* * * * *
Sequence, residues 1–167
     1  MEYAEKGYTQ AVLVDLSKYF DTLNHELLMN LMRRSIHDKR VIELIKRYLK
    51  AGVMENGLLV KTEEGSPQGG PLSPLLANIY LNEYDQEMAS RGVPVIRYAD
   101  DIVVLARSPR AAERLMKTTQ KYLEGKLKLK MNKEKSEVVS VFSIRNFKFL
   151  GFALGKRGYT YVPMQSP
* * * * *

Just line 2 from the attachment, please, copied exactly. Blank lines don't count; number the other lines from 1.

     1  MEYAEKGYTQ AVLVDLSKYF DTLNHELLMN LMRRSIHDKR VIELIKRYLK